Last updated: 17.06.24

Mental Health in the Workplace


The workplace has come a long way over the last 10 years in recognising the importance of employee mental wellbeing. Since the pandemic, this has been highlighted as even more significant, with many organisations across the globe moving to a remote working or hybrid working model.

Mental health problems cost the UK £117.9 billion annually according to the Mental Health Foundation. And for every £1 invested in mental health and wellbeing, organisations save up to 18% of their costs. By taking mental health and wellbeing in the workplace seriously, the benefits can be remarkable.

Mental health is increasingly recognised as being just as important as physical health, but there are still many ways in which we can all do better in terms of helping our friends, family and colleagues with theirs. 

In this article, we highlight everything employers need to know about mental health in the workplace. We begin by defining mental health and why it’s important in today's working environment. This guide will then dive into 5 ways to improve mental health in the workplace and provide further insight into how you can support mental health in the workplace. 

What is Mental Health?

WHO defines mental health as “a state of wellbeing in which every individual realises their own potential, can cope with the normal stresses of life, can work productively and fruitfully, and is able to make a contribution to their community”. 

Put simply, mental health is the way we think and feel, it’s our ability to deal with life’s ups and downs. Mental health is something that everyone has, it gives us a sense of purpose and direction and allows us to enjoy the things we love doing in day-to-day life. 

However, when someone is suffering from poor mental health, this can have a massive impact on their productivity and motivation. There are several causes of mental health problems and distress; it can be work-related, personal or the onset of a chronic mental health condition such as depression

Why is Mental Health in the Workplace important? 

Time off work is one of the biggest knock-on effects of poor mental health, with stress in particular costing thousands of hours of productivity to the UK workforce every year. The Mental Health Foundation found that 1 in 6.8 people experience mental health problems in the workplace. This is crucial to acknowledge, as better mental health support in the workplace can save UK businesses up to £8 billion annually.

There are also general productivity and workplace harmony issues that can arise when employees are facing mental health issues. The charity, Mind reported that more than 1 in 5 (21%) agreed that they had called in sick to avoid work when asked how workplace stress had affected them.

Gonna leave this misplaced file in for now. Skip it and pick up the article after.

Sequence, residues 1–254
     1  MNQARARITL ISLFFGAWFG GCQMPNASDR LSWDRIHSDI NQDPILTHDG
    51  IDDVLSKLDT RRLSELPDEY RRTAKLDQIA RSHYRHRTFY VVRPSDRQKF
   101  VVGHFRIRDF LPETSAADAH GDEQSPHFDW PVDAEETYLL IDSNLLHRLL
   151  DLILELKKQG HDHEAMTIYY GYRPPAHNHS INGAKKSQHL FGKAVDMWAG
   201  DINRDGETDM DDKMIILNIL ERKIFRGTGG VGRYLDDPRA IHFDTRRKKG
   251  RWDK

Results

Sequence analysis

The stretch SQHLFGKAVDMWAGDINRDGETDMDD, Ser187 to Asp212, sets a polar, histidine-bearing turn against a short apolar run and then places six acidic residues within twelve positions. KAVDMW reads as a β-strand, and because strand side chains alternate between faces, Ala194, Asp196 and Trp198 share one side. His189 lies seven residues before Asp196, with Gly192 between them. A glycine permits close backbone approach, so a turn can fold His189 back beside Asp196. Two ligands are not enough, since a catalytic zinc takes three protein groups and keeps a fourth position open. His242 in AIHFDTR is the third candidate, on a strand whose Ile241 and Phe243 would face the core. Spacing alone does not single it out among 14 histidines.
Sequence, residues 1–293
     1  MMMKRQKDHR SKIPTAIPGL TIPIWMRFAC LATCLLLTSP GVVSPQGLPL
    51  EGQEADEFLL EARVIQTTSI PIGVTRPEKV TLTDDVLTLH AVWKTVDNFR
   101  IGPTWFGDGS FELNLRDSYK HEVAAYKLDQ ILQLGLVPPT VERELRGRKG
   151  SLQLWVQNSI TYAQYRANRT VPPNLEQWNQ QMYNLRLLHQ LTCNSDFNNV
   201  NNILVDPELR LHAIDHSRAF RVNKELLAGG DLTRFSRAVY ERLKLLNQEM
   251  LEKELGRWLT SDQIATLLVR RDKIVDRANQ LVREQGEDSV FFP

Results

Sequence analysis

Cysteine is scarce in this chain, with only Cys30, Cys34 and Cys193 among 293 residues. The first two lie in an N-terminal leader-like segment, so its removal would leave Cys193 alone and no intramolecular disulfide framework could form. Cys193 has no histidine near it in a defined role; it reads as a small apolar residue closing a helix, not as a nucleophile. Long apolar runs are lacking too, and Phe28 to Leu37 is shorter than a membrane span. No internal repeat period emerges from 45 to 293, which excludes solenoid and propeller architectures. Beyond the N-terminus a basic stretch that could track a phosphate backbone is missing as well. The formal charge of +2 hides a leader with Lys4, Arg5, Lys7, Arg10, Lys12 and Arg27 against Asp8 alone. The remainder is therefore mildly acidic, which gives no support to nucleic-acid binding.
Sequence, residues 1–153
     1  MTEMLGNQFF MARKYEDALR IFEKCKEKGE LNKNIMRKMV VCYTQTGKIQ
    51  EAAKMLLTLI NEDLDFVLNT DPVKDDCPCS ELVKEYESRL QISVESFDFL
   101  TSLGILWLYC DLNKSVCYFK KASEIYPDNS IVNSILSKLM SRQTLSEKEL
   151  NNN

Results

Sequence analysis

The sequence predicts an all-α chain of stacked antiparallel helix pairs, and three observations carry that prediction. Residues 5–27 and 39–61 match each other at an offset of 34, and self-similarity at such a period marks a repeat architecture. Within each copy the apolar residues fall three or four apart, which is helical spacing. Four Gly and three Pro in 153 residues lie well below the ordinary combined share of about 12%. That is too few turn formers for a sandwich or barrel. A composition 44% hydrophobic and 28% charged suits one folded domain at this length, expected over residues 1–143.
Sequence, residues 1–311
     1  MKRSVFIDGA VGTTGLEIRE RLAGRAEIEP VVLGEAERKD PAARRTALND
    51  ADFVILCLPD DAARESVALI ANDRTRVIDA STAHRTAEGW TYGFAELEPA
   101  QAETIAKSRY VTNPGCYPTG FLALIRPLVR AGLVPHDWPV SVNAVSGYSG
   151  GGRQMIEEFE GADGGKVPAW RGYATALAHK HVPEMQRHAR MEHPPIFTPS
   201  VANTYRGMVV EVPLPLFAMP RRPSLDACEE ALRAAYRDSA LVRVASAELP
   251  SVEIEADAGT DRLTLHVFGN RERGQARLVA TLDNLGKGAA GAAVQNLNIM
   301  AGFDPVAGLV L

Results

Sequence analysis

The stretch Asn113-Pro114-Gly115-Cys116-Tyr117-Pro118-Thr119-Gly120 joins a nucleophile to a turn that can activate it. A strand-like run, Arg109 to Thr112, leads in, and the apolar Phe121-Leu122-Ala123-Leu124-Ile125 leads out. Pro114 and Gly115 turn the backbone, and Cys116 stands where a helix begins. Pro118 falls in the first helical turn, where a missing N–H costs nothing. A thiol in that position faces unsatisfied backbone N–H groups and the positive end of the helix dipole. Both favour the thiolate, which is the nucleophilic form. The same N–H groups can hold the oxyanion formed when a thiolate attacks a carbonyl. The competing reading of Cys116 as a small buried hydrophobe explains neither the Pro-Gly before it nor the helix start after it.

Likewise, the average time off work for anxiety is estimated at 6.3 days per month which has severe occupational impacts. The more time employees take off due to stress, the more productivity can be affected, so it’s in your best interests to ensure that you have your employees’ well-being at the top of your list of priorities.

Top 5 Ways to Improve Mental Health in the Workplace 

Many mental health issues are created and impacted by a person’s work, which means that you can take steps to help ensure that these aren’t an issue. If you create a supportive company culture and give your employees every chance to work with good mental health, then you’ll find that problems don’t crop up as frequently, and you’ll reap all the benefits of a happy, healthy workforce.

Below, we highlight 5 ways to improve mental well-being at work as an employer. From prioritising mental health to implementing best practices, there is a lot you can do to improve working conditions and create a thriving workplace. 

See Mental Health and Wellbeing as a Priority

Mental health and well-being are now part of many organisations’ health and safety policies. With hybrid and remote working fast becoming the norm, employees can often feel isolated working away from their colleagues, which is why the mental health of staff should be a priority for all businesses.

The government produces a series of mental health at work policies and guidelines that support well-being in the workplace – but these need careful implementation. All policies need the support of managers to create a plan for how to use them and how to read the signs of employees struggling with their mental health. 

Having an open dialogue with teams and ensuring managers are supported is a crucial first step in creating the right culture for mental health and well-being welfare. There are foundations and charities providing mental health resources and support to employees. Managers can also ensure a good work-life balance for employees to help reduce work-related stress.

Take a Proactive Approach to Mental Health with Your Employees

Anticipate issues and address them with teams and employees. This is more effective than waiting for employees to come to you and having to be reactive. By tackling mental health in the workplace early, you can avoid facing problems later down the line.